Left atrial appendage occlusion for stroke despite oral anticoagulation (resistant stroke). Results from the Amplatzer Cardiac Plug registry

Publication date: Available online 27 April 2019Source: Revista Española de Cardiología (English Edition)Author(s): Ignacio Cruz-González, Rocío González-Ferreiro, Xavier Freixa, Sameer Gafoor, Samera Shakir, Heyder Omran, Sergio Berti, Gennaro Santoro, Joelle Kefer, Ulf Landmesser, Jens Erik Nielsen-Kudsk, Prapa Kanagaratnam, Fabian Nietlispach, Steffen Gloekler, Adel Aminian, Paolo Danna, Marco Rezzaghi, Friederike Stock, Miroslava Stolcova, Luis PaivaAbstractIntroduction and objectivesDespite the efficacy of oral anticoagulant (OAC) therapy, some patients continue to have a high residual risk and develop a stroke on OAC therapy (resistant stroke [RS]), and there is a lack of evidence on the management of these patients. The aim of this study was to analyze the safety and efficacy of left atrial appendage occlusion (LAAO) as secondary prevention in patients with nonvalvular atrial fibrillation who have experienced a stroke/transient ischemic attack despite OAC treatment.MethodsWe analyzed data from the Amplatzer Cardiac Plug multicenter registry on 1047 consecutive patients with nonvalvular atrial fibrillation undergoing LAAO. Patientes with previous stroke on OAC therapy as indication for LAAO were identified and compared with patients with other indications.ResultsA total of 115 patients (11%) with RS were identified. The CHA2DS2-VASc and the HAS-BLED score were significantly higher in the RS group (respectively 5.5 ± 1....
Source: Revista Espanola de Cardiologia - Category: Cardiology Source Type: research

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Conclusions: Changing national guidelines with discard of contraindications for anticoagulation and the introduction of DOACs led to a broader recommendation of oral anticoagulation. However, both, new guidelines and DOACs, were not found to be associated with an increasing percentage of patients discharged from our hospital already on recommended anticoagulant prevention. This might be explained by the decreasing length of hospital stay during the study period and a missing evidence of early bleeding risk of DOACs in patients with acute brain infarction. Evidence-based data to close this therapeutic gap are needed.Cerebrovasc Dis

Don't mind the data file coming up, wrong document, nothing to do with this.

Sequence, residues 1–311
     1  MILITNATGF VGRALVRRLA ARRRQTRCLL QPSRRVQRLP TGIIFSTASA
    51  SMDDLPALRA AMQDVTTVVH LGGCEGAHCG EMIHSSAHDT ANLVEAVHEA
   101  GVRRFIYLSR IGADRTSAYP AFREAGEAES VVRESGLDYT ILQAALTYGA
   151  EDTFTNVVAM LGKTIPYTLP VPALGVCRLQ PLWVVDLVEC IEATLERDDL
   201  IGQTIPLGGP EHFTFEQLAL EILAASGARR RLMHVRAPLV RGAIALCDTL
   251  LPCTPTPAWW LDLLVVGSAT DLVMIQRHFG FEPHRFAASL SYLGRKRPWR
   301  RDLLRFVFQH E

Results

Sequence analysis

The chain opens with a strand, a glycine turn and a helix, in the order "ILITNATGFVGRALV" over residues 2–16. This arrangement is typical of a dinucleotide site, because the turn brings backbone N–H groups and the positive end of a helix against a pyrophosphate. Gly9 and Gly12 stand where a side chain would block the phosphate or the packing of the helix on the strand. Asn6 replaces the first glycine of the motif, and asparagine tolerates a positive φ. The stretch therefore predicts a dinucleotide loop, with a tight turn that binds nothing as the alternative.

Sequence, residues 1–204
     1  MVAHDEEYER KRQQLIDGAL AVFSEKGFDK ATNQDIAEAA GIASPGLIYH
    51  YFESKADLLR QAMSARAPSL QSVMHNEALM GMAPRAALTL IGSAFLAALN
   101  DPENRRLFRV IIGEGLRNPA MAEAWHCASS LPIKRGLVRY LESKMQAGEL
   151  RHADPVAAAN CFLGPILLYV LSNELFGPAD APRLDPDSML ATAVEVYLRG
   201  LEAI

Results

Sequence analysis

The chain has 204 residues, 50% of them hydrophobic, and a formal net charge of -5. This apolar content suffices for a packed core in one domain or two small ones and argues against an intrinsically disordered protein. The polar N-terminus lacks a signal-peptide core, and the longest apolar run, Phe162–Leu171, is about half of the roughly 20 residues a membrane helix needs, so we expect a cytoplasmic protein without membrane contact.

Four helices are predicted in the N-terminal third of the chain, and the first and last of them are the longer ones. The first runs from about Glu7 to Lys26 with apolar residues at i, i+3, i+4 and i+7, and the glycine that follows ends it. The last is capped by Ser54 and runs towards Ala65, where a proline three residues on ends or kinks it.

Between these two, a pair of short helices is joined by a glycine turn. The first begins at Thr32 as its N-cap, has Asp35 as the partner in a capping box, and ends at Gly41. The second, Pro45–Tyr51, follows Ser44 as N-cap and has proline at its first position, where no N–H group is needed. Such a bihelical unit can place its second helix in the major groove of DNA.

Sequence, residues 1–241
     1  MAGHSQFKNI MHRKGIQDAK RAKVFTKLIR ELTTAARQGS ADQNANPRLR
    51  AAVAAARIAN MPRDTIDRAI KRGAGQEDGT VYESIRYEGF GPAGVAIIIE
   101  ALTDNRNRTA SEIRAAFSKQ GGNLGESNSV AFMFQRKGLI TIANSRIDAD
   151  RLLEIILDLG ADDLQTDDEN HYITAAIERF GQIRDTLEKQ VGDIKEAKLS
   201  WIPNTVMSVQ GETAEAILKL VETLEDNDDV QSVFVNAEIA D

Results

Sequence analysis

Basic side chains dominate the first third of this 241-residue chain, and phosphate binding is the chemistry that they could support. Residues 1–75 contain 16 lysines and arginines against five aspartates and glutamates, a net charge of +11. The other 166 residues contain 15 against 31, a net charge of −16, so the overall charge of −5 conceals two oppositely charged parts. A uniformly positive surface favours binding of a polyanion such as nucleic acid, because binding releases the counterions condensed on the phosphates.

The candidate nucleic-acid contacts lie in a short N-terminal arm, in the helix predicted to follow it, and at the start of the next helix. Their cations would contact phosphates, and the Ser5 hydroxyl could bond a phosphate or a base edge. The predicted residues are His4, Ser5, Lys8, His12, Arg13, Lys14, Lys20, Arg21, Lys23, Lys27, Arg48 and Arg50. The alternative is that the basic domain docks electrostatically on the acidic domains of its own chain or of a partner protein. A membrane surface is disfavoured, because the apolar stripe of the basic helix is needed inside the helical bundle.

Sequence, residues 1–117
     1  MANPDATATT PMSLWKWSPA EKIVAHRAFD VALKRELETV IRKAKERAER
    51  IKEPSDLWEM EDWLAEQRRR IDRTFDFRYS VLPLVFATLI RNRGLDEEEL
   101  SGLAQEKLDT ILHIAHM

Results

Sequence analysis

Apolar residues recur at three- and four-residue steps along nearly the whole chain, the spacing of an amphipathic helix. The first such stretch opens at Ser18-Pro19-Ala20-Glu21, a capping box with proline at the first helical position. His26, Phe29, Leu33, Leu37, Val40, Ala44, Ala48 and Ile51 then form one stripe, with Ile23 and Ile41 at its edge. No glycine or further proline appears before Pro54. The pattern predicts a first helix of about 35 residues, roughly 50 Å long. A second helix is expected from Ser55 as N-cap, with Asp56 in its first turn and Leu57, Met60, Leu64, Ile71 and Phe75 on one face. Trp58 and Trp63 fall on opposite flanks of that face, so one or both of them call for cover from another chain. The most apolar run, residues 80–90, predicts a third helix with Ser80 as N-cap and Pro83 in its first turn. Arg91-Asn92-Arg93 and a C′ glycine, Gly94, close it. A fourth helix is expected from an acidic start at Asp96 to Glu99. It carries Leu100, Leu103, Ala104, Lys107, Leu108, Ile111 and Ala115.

Source: Cerebrovascular Diseases - Category: Neurology Source Type: research
Purpose of review Direct oral anticoagulants (DOACs) are variably eliminated by the kidneys rendering their use potentially problematic in patients with chronic kidney disease (CKD) or necessitating appropriate dose adjustment. Recent findings Both observational and limited randomized trial data for DOACs compared with no treatment or with warfarin for patients with atrial fibrillation on maintenance dialysis were recently published. In a randomized trial in patients on hemodialysis, there was no significant difference in vascular calcification between patients who received rivaroxaban with or without vitamin K2 or vi...
Source: Current Opinion in Nephrology and Hypertension - Category: Urology & Nephrology Tags: PHARMACOLOGY AND THERAPEUTICS: Edited by Sankar D. Navaneethan Source Type: research
Conclusions: Differences in study populations can and should be considered quantitatively to ensure results are relevant to populations of interest, particularly when comparing trial with nonexperimental findings. See video abstract: http://links.lww.com/EDE/B703.
Source: Epidemiology - Category: Epidemiology Tags: Cardiovascular Disease Source Type: research
Conclusion LAAO is an efficient and safe option for the prevention of cardioembolic stroke in patients with NVAF, high thromboembolic risk and contraindication to OAC, particularly in patients with previous intracranial bleeding.